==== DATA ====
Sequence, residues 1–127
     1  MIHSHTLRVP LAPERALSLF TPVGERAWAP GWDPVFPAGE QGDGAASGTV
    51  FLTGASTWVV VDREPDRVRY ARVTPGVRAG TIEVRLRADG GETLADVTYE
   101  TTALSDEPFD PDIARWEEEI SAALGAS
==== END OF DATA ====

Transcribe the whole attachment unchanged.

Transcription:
Sequence, residues 1–127
     1  MIHSHTLRVP LAPERALSLF TPVGERAWAP GWDPVFPAGE QGDGAASGTV
    51  FLTGASTWVV VDREPDRVRY ARVTPGVRAG TIEVRLRADG GETLADVTYE
   101  TTALSDEPFD PDIARWEEEI SAALGAS